Who knew the vagaries of compiling the schedules of more than 2,000 students would have such an impact at Adolfo Camarillo High School.
When Sheyda Mesgarzadeh and Karina Wang were juniors, the school needed to change some schedules to balance the number of students in certain classes. The two wound up with the exact same schedule, sitting next to each other in math.
The girls struck up a friendship, each starting a volunteer group on campus and teaming up to make the school’s California Scholastic Federation club a true service organization with about 350 members for the fall 2013 semester.
CSF members must earn 12 points as determined by grades in five subject categories each semester. At Camarillo, students also have to perform 10 community service hours.
Both girls were recognized by the CSF in March when they were named among 10 finalists for the Seymour Memorial Award for the South Central Region, which includes Ventura, Los Angeles, Santa Barbara, Inyo and Kern counties.
Every school that has a CSF chapter can nominate two students. To have one finalist is an achievement; having two finalists is rare. Camarillo CSF adviser Terrie Romines can attest to that. In 25 years of teaching and overseeing CSF clubs, she’s had 18 students become finalists and has never had two in the same year.
Romines and Camarillo also had another first—a Seymour Award regional winner who becomes a state finalist, along with four other region winners, for a $10,000 scholarship. The state judges will consider each of the finalists’ applications and transcripts from the regional interviews to determine the state winner.
But for as much as Sheyda and Karina, both 17, have done as a team, including both being accepted to UCLA, there could only be one state finalist from the region.
After a four-hour group interview at Montebello High
School east of Los Angeles, where CSF officials peppered the finalists with questions, Sheyda was named the winner, earning a $3,000 scholarship on top of the
$2,000 award to each of the 10 finalists.
“They wanted to see how quick you think on your feet,” Karina said. “How much passion you had.”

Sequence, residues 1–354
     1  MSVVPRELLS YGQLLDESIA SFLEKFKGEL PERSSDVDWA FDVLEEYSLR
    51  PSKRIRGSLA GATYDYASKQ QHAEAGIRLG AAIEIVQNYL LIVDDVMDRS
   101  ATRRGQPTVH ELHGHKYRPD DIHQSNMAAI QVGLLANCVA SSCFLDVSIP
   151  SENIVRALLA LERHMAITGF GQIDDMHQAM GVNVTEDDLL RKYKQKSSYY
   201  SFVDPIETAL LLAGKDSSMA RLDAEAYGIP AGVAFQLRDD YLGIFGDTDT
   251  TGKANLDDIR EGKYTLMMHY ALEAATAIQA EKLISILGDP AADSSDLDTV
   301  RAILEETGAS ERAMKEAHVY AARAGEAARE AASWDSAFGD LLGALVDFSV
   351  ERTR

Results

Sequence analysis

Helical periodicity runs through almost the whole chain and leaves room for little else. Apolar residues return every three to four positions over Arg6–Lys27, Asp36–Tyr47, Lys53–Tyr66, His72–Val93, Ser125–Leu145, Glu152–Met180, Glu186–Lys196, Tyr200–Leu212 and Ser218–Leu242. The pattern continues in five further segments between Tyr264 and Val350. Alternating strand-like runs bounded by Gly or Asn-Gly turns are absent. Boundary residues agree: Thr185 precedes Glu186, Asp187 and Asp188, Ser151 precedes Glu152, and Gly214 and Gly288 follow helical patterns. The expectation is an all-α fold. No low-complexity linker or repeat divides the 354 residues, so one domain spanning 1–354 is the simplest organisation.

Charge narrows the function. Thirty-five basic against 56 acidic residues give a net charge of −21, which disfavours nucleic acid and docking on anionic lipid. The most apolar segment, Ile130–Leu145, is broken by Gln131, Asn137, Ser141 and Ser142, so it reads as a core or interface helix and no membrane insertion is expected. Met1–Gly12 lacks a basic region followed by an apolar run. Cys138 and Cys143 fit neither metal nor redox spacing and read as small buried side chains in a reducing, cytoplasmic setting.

“What came out of the questions is what do you stand for,” said Sheyda, who advocates for women’s rights in foreign countries and for students with mental disabilities. “We all wanted the $3,000, but everyone was nice. I think we thought whoever wins we’d be happy. You didn’t have any people who were just in it to win it.”
No one was more pleased than Romines.
“Sheyda was a dream come true for me,” she said. “And the first-ever from Camarillo.”
When Romines moved to Adolfo Camarillo from Pacifica High School three years ago, she found the campus had a less-than-robust CSF club. Basically, students applied for membership, were accepted and that was it.
But Romines saw that Sheyda and Karina had the potential to make CSF a major force on campus.
“They had strong leadership skills,” Romines said. “They took it on and helped make it successful.”
Sheyda, this year ’s CSF school president, is also quick to give credit to Romines.
“In all honesty, we wouldn’t be here if it wasn’t for Mrs. Romines,” she said. “Mrs. Romines has literally been here every step of the way.”
One of the first acts the CSF student board performed was requiring 10 hours of community service each semester. Sheyda and Karina are also spearheading fundraising for what they call Scholarships for Service.
Sheyda said the goal is to offer four or five $1,000 awards to seniors.
“It’s really important that students realize that they need to be active in the community,” Sheyda said. “Some kids have 50 (hours in a semester); some of the kids put the effort in.
“I think we’ve instilled that in them,” she said. “We changed the face of the club by promoting community service.”
As important as the community service aspect of the program is, Sheyda takes special pride in raising money for scholarships for her fellow students, which she started when she became CSF president.
“It has been a challenge,” she said. “We’re just beginning, and it was a lot of work. It became my baby.”
When Sheyda and Karina graduate in June, they know they will have made an impact at Adolfo Camarillo. Karina cofounded Operation Awesome, which teaches students how to make art out of everyday objects. Sheyda started Project R, which helped students with intellectual issues to integrate into the school’s social life.
The CSF that Sheyda and Karina helped build will also continue. The club has received more than 30 applications from students who want to serve on the board.
“We want to have students that get overlooked in other areas to have a chance to take on leadership,” Sheyda said. “To spread their wings.”